console.log(null == ''); //=> false
console.log(null == NaN); //=> false
console.log(null == 0); //=> false
console.log(undefined == ''); //=> false
console.log(undefined == NaN); //=> false
console.log(undefined == 0); //=> false

The fact is that there is no real logic behind this. It only happens because ECMAScript specification states so (just check the second and third points of section 11.9.3).

An undefined value in JavaScript is pretty common — it means a variable name has been reserved, but no value has been assigned to that reference yet. It is not defined yet, so we call it undefined.

The value [undefined]( is a primitive type in JavaScript, and undeclared variables are also considered to be undefined.

Referencing undeclared variables usually results in a ReferenceError, except when using the typeof keyword.

The typeof undefined is the string "undefined" — and undefined is a falsy value that is loosely equal to null but not to other falsy values.

// The value undefined is loosely equals to null but not other falsy values:
console.log(undefined === undefined) // true
console.log(undefined === null) // false
console.log(undefined == null) // true
console.log(Boolean(undefined)) // false
console.log(undefined == false) // false

// The typeof keyword returns "undefined" for the value undefined:
console.log(typeof undefined) // undefined

// A declared variable that has not been assigned a value is undefined by default:
let undefinedVariable
console.log(undefinedVariable) // undefined
console.log(typeof undefinedVariable) // undefined

// The typeof an undeclared variable is undefined, making it a safe way to check if a variable has been declared:
console.log(typeof undeclaredVariable)

// Referencing an undeclared variable without typeof will throw a ReferenceError:
try { undeclaredVariable } catch(e) { console.log(e) } // ReferenceError: undeclaredVariable is not defined

Thus, if typeof says a value is "undefined", then it is a safe bet to assume that value is actually undefined — meaning it was not declared, declared but never assigned a value, or declared and assigned the value of undefined.


Arrays are objects. If you try to use the typeof operator against an array, you’ll get “object” as result. The right way to check if a variable is an array is by using the Array.isArray() static method (IE9+):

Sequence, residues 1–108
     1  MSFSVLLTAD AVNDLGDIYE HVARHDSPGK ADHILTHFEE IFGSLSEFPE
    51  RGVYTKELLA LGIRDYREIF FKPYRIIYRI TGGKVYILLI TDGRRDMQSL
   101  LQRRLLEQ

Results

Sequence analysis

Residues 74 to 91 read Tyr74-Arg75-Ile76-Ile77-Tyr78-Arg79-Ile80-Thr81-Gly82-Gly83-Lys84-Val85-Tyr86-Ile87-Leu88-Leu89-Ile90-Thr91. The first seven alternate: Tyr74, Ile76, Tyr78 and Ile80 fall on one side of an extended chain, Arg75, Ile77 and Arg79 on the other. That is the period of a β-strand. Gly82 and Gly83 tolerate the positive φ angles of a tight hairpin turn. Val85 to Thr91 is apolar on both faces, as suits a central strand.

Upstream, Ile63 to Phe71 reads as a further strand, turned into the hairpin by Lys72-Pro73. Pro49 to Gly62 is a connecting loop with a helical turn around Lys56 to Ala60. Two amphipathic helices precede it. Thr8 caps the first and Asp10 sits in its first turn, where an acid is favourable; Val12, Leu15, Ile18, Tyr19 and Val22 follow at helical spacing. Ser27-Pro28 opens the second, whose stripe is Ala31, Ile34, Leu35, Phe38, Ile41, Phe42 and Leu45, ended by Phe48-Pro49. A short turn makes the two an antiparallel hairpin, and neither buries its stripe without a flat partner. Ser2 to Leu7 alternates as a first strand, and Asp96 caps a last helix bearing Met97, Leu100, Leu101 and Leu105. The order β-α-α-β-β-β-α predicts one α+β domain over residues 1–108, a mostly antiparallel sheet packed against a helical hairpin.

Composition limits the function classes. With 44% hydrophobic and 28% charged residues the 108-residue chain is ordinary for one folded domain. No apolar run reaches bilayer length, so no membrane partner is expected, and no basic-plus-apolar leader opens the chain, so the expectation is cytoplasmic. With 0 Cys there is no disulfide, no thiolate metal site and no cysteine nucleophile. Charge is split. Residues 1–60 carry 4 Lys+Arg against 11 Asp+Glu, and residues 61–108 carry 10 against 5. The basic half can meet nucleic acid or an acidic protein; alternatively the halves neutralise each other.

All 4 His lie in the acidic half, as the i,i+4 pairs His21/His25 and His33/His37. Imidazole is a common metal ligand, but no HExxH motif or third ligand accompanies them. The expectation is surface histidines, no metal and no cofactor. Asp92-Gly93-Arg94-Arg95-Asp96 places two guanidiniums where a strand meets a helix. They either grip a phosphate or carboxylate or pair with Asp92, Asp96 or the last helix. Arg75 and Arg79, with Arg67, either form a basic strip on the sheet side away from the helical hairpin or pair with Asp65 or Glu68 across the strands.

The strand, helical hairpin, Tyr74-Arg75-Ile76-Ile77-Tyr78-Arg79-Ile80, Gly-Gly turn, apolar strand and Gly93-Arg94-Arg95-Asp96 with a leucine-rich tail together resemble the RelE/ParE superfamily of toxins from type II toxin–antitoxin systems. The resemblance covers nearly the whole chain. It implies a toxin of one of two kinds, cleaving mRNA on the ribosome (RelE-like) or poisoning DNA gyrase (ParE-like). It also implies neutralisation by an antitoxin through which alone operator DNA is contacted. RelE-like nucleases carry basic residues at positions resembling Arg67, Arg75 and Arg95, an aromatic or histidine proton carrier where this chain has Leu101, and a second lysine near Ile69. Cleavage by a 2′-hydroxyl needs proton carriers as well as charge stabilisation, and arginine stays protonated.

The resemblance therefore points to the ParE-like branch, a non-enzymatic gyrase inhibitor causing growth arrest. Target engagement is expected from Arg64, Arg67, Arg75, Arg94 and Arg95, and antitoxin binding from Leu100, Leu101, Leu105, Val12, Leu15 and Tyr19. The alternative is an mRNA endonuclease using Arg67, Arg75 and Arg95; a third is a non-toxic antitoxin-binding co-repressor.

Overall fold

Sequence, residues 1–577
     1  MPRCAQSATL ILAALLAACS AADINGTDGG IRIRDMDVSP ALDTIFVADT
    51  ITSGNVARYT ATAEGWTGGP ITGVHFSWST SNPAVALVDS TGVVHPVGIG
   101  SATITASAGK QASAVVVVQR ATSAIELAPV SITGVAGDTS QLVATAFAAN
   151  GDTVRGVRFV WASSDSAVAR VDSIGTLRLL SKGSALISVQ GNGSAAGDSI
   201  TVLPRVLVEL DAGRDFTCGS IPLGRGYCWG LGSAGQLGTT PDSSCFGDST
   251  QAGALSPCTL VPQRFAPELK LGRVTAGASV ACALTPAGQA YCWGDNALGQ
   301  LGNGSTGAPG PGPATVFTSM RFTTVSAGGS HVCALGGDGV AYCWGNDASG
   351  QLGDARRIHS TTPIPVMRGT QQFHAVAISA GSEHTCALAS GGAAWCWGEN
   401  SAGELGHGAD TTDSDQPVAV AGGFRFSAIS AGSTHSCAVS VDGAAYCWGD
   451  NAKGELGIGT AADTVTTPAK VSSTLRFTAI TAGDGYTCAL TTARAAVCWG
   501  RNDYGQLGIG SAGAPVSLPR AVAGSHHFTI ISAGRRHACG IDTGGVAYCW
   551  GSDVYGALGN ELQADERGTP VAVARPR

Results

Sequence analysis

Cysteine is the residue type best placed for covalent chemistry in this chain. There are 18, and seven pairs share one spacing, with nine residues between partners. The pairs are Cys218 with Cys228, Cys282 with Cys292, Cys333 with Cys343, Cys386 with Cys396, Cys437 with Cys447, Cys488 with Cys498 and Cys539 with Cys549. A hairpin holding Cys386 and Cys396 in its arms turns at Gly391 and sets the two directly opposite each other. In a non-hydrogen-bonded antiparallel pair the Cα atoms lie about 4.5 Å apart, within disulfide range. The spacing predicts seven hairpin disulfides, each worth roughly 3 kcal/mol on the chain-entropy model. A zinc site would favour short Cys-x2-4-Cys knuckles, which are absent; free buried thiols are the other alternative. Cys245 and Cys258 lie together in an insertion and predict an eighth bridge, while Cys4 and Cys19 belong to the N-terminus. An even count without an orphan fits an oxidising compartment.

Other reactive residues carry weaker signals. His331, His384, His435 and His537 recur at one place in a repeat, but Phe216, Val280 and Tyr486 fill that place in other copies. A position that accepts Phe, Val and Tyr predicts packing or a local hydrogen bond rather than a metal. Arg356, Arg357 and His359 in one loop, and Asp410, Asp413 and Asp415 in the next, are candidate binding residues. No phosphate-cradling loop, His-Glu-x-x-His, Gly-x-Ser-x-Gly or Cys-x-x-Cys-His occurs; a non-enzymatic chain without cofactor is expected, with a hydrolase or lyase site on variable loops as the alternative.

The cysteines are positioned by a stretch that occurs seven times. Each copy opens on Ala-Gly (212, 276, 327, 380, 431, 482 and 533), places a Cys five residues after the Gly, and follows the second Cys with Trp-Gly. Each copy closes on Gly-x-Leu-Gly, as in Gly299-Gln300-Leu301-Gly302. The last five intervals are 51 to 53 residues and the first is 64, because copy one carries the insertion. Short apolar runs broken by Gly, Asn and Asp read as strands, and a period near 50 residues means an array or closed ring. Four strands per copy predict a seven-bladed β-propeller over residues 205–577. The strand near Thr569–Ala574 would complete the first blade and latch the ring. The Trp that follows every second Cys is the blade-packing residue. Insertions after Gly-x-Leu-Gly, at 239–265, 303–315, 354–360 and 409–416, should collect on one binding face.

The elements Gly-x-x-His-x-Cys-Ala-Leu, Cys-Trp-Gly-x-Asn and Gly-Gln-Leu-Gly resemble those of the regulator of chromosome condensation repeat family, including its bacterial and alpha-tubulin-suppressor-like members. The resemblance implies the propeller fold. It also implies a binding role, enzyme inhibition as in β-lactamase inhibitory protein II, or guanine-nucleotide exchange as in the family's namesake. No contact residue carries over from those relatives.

Array.isArray([11, 22, 33]); //=> true
Array.isArray({}); //=> false

As long as the value in question is not null, typeof returning "object" means that the JavaScript value is a JavaScript object.

One type of object that is built-in to JavaScript is the array, and the typeof of an array is "object": typeof [] === object // true.

ECMAScript 5 introduced an [Array.isArray()]( method to check for an array, since typeof will not be able to tell arrays from other objects.

The JavaScript prototypes [Date]( and [RegExp]( are two other types of built-in objects where typeof returns “object.” Thus, dates and regular expressions need more differentiation than just using the typeof keyword.

I demonstrates how to check the type of objects and arrays in this code:

const helloWorldObject = { hello: "world" }
console.log(typeof helloWorldObject) // 'object'
// use Array.isArray or
// to differentiate regular objects from arrays
const fibonacciArray = [1, 1, 2, 3, 5, 8]
console.log(typeof fibonacciArray) // 'object'
console.log(Array.isArray(helloWorldObject)) // false
console.log(Array.isArray(fibonacciArray)) // true

// There is another helper function, though it is a bit long:
console.log( // [object Object]
console.log( // [object Array]

// Regular expression have their own native object, RegExp
const myRegExp = /search/
console.log(typeof myRegExp) // 'object'
console.log(myRegExp instanceof RegExp) // true
console.log( // [object RegExp]

// The Date native object is built-in to JavaScript
const emptyDate = new Date()
const invalidDate = new Date("fail")
console.log(typeof emptyDate) // 'object'
console.log(typeof invalidDate) // 'object'
// Checking for a date is a little trickier
console.log(emptyDate instanceof Date)
console.log(invalidDate instanceof Date)
console.log( // [object Date]
// Reliable date checking requires a NaN check by checking for NaN:
console.log(invalidDate instanceof Date && !Number.isNaN(invalidDate.valueOf())) // true

The verbose JavaScript statement can differentiate between generic objects, arrays, and other objects, because it returns a string that specifies the object type in more detail than typeof.